Come October and arrive nine days festival and six days holidays! Getting a break as long as one full week from routine humdrums of boring daily life! I would be crazy if that wasn’t a reason good enough for me to rejoice during my schooldays! Growing up in the northern plains of Allahabad and almost having zero connection with Bengali tradition, the only enchanting part was to make the most out of Durga Puja holidays, which usually came after harrowing half-yearly examinations.
While few non-Bengali parents sat zeroing upon some exotic travel destination to hit during this rewarding week, mine wisely made it a point to make us experience every bit of the festival, year after year, in a manner no lesser than a Bengali would. My allegiance to the festival thus started.
The visuals of the Pujo times during those days stand crystal clear in memory. Our good old small city stood decked up with Puja Pandals at every second open clearance. I was told each Pandal was endorsed by a core committee of Bengalis who worked for months to bring out the best out of Pandals, embellishing it with vivid architectural styles, breathtaking creativity and scheduling daily events with fun-filled programmes comprising of contests, quizzes, Robindra-shongeet and showcasing talents that lasted entire nine days. The nag to put up the best show was driven by motivation to win the rolling trophy for 'Best Pandal' in the city.
While some Pandals were aesthetically crafted with customary Bengal motifs and designs, many were innovatively inspired from current happenings around the world. It didn't surprise me to note new additions almost every next year, like Pandal themes on ‘Tribal Welfare’ in which Devi Durga wore the Garo mini skirt, one supporting ‘Mission Go-Green’ donning Devi’s dress in leaves and shoots, a Pandal displaying life-size cut-outs of freedom fighters and one even flaunting Bollywood with Shahrukh Khan and Aishwarya Rai’s posters all over the marquee.
As night fell on the Pujo Pandal, it incarnated to a literal cultural hotspot. Full of energy, high-end fashion, food-fiesta, music, late-night fun mood, jabbering and gossips, our otherwise complacent city jostled with joy all night long. It is hard to believe that with overcrowded venue bumming with high spirited people, how a sense of discipline always took over and there was hardly any pushing or manhandling while trying to catch a glimpse of Maa Durga’s protimaa.
From my back to back visits to Durga Puja functions, I have come to deduce that food is central to a Bengali as much as dressing-sense is. Visiting a Puja Venue and coming back without having popped in paani puri or jhaal-muri or Indo-Chinese chowmein from the street vendors queuing the roadside, meant a disgrace to the Bengali tradition of ‘must-have reech phood’! Whenever I bumped into a Bengali friend who would have made her temporary home for six days in one of these Pandals, the first question she’d ask was not how fascinating did I find the Puja but whether I had tried the famous phish chop, roshogulla and bhishon bhalo coffee from one of the stalls?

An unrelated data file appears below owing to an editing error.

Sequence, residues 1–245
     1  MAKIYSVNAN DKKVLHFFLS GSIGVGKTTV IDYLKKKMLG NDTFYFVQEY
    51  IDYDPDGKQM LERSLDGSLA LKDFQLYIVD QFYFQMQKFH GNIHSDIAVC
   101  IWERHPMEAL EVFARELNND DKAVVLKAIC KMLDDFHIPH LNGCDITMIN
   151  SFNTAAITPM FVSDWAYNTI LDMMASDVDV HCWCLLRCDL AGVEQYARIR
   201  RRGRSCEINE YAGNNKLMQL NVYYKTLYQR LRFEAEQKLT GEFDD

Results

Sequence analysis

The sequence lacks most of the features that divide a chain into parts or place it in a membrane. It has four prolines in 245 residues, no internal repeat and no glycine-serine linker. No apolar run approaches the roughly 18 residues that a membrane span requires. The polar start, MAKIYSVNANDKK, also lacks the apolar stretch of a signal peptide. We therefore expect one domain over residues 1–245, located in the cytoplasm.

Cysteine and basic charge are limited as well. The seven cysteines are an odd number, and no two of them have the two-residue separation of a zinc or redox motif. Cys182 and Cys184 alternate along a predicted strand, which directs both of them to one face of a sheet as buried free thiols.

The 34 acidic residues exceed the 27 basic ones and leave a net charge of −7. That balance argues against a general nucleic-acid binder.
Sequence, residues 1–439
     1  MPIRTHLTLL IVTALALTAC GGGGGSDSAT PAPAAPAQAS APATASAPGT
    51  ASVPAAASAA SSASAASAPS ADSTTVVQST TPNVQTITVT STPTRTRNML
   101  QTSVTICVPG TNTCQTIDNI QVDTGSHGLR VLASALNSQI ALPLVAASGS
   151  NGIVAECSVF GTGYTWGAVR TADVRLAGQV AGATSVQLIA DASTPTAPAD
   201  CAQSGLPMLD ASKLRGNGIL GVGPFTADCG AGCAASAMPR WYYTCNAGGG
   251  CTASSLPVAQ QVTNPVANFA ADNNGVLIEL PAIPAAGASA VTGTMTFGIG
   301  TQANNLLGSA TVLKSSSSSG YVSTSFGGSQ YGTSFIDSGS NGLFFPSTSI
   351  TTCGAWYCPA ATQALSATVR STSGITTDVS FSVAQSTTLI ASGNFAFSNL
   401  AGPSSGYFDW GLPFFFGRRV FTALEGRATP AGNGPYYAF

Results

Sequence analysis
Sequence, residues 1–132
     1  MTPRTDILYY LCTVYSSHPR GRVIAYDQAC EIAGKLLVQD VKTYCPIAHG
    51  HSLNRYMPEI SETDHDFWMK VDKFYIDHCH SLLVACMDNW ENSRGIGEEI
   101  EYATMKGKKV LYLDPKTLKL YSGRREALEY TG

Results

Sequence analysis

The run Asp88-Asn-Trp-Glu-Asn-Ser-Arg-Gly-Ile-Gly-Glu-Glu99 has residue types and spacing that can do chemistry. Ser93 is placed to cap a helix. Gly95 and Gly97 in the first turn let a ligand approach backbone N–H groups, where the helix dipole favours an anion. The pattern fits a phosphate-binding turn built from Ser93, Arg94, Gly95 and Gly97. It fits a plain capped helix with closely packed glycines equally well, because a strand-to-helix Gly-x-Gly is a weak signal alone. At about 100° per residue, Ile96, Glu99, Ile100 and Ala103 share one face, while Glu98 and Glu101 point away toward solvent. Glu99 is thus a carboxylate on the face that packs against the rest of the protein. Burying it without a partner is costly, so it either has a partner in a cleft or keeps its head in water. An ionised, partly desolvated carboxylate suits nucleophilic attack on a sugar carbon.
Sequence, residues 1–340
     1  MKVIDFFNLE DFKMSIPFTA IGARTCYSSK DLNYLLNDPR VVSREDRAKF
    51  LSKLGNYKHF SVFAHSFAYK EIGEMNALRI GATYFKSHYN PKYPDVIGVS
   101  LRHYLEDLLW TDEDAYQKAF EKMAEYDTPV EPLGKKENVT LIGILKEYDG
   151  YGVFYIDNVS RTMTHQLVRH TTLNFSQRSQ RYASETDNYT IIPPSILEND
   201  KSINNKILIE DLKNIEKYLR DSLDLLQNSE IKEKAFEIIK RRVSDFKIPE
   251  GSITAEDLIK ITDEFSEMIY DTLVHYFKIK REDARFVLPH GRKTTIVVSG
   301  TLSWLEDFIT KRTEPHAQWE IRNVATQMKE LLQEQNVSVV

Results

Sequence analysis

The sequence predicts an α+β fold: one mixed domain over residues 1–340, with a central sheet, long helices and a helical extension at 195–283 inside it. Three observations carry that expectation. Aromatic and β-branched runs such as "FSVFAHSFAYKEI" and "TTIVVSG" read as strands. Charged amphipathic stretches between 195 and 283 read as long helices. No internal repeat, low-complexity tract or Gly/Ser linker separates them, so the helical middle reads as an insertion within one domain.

Nevertheless, while most Bengalis in the Puja venue were found chatting and gossiping about their ‘Baadi’ and ‘Saree’, my eyes enduringly came to rest on the beautiful ladies and girls around. Each one glowed with the precisionist perfection of draping a sari, putting on big bindi, wearing ethnic pieces of enviable jewelry and eyes highlighted with kohl, yet the most outstanding piece of their look would be a spark of grace, punctuated with spasms of boisterous laughter. Bengali women may not be the most beautiful on earth but they are certainly endowed with hypnotic looks which usually brims over during the Puja period. Of course, all this apart from the month long preparation by them which includes an exhaustive day and night therapeutic shopping done for themselves and the whole bunch of family.
Though the occasion would be deeply religious, the Puja Pandals offered the best meeting places for would-be couples and dating pairs, sometimes even sparking matrimonial connections. Is it difficult to guess that where young girls and boys looking their best get together for nine days and nights, it will be just about the Puja part?
On the sixth day of the festival, when the public would get to see Goddess Durga get unveiled the first time, a strange excitement took over. Suddenly the frivolous fun and merry making changed to a deeply devout and gratifying experience. My favourite part of the Pujo was always eating bhog served at noon and watching the dhakis beat their drums and do dhunuchhir naach with torch lit with a frgrant dhun that filled us all with mystical aroma. The rhythmic beating that gradually rose to a high crescendo filled me with immense powerfulness, bountiful love and ecstasy. A kind of pleasure that can only be best felt! Six days slipped like sand from the hand as if we lost touch with time, immersing ourselves in joyful days, wishing it never got over.
Alas! Amidst pompous fanfare and women playing sindoor, suddenly came Doshomi, the time to let the Goddess go. When I sat on the ghats of river Ganges watching the last rites of Visarjan, my attention stopped at the beautifully sculpted face of Goddess Durga. How behind the drums beaten by dhakis, her beautiful big eyes, wavy black hair and crafted lips gradually sank under water to melt into a muddy mesh, leaving behind everyone somber in goose-flesh. There on the banks of river Ganga, were hundreds of teary-eyed worshippers half drenched in the holy mud, bonding with each other through strings of rich cultural unity, hardly caring who was a Bengali or non-Bengali!
The Huffington Post].